An indemnity clause in an architect’s contract with its client (building developer) was found void for violating anti-indemnity statute applicable to “contractors” performing work on “any contract relating to construction” because it required indemnity “for any and all losses, liabilities, expenses, claims …. relating to the services performed by the Architect.” The indemnification obligation made no exception for cases in which the negligence of the Owner was the sole cause of damages. It required only that the liability “relate to” the Architect’s services, such a “low bar”, said the court, that this “could lead [Architect] to indemnify [Owner] for [Owner’s] own negligence” [and] Indemnification of a party for that party’s own negligence is precisely the situation forbidden by [the statute].” The Travelers Indemnity Company of Connecticut v. Lessard Design, Inc., (,U.S. Dist. Ct., E.D. Virginia 2018).
This indemnification litigation arises out a previously decided copyright infringement case in which Lessard Design, Inc. and its client, the project owner were sued by Humphreys & Partners Architects for alleged copyright infringement concerning the design of a condominium building. Lessard and the owner were successful in their defense and prevailed by obtaining summary judgment dismissing the action against them. By the time all appeals were resolved affirming the summary judgment, the Owner as a “prevailing party” sought recovery of $990,995 in attorneys’ fees from Lessard. This amount was reduced to $792,796 by the federal district court upon remand, and the parties ultimately agreed upon $745,000 for the attorneys fees.
The indemnification dispute in this current case arose because when Humphrey’s sued the owner, the owner tendered defense of the claim to Lessard, and Lessard declined to provide the defense. As a consequence, the Owner was able to get its own general liability carriers, Travelers Insurance, to provide the defense on its behalf.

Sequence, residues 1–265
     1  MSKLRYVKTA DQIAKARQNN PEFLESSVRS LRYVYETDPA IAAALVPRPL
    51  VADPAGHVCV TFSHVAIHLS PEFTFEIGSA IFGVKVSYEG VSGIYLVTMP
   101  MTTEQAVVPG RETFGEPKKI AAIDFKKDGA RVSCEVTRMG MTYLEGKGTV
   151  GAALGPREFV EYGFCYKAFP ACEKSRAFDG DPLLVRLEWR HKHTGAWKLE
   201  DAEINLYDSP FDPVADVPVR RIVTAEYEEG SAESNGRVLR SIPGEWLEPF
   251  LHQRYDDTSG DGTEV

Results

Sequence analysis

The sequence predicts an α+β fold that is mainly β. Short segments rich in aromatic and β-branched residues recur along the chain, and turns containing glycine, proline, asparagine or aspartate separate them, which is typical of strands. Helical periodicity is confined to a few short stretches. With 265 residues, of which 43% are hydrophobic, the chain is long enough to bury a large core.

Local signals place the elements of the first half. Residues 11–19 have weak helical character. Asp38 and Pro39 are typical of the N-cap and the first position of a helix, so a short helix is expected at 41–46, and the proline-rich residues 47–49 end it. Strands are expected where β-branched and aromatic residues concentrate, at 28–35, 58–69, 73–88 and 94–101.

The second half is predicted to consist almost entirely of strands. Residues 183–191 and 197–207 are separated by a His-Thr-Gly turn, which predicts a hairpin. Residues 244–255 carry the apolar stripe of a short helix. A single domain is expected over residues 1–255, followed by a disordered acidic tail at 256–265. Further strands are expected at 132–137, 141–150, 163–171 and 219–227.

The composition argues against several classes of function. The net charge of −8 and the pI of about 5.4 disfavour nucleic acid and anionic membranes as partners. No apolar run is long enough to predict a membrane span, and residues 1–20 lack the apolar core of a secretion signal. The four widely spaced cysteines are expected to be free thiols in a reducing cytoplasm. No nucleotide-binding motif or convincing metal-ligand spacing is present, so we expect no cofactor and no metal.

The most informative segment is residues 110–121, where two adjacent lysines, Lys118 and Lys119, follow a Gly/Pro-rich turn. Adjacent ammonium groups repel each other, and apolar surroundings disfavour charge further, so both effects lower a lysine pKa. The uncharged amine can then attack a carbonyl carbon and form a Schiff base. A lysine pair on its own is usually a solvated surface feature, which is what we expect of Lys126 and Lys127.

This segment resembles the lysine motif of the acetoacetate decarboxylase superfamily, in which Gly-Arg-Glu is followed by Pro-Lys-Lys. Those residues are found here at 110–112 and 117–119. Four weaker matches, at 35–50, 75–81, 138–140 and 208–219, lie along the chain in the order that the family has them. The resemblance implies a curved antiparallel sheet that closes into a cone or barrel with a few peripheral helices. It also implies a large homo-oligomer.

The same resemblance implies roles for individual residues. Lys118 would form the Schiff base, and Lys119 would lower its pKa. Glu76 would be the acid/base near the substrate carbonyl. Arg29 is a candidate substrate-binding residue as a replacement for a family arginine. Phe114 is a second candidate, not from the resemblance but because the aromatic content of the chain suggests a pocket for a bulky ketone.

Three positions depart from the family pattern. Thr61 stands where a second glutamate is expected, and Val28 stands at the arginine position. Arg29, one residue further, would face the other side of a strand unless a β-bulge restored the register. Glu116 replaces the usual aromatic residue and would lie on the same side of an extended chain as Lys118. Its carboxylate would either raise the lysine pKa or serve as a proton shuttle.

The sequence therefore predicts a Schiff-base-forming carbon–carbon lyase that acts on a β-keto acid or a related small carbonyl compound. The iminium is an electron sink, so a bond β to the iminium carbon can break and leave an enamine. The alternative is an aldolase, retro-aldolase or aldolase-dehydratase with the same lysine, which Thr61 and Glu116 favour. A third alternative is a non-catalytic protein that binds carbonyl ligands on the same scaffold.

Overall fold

After successfully defending against the copyright infringement case, Travelers sought, by way of a subrogation claim, to recover those defense costs from Lessard by way of the indemnity agreement in the contract between Lessard and its client.
“The indemnity provision provided in pertinent part the following:
[i]ndemnify, defend and hold the Owner, Owner’s Developer, and Owner’s and Owner’s Developer’s wholly owned affiliates and the agents, employees and officers of any of them harmless from and against any and all losses, liabilities, expenses, claims, fines and penalties, costs and expenses, including, but not limited to reasonable attorneys’ fees and court costs relating to the services performed by the Architect hereunder . . .”
When Lessard declined Travelers requests of indemnification, Travelers filed a complaint alleging breach of contract and quantum meruit. Lessard moved to summary judgment by asserting that a Virginia statute invalidated the indemnification clause. As set forth by the court,
4.12 Section 11-4.1 invalidates indemnification provisions “by which [a] contractor performing” work on “any contract relating to construction” is required to indemnify other parties to the contract for negligence relating to the performance of the contract. Thus, the statute invalidates an indemnification provision if:
(i) the contract containing the indemnification provision is a “contract relating to construction[,]”
(ii) the indemnifying party is a “contractor[,]” and
(iii) the indemnification provision requires the contractor to indemnify other parties to the contract against liability for damage caused by the other parties’ sole negligence.”
The first question to be decided by the court was whether the Architect’s Agreement was a “contract relating to the construction alteration, repair or maintenance of a building” within the meaning of the statute. Based on the facts here, the court found Lessard had duties and responsibilities related to the “Construction Phase” of the building process as well as to the design phase. It was required to “administer the contract between the Owner and contractor and to perform periodic site visits”. Given that the Agreement imposes these obligations on Lessard, it follows that the Agreement falls squarely within the category of contracts “relating to construction” within the meaning of Sec. 11-4.1.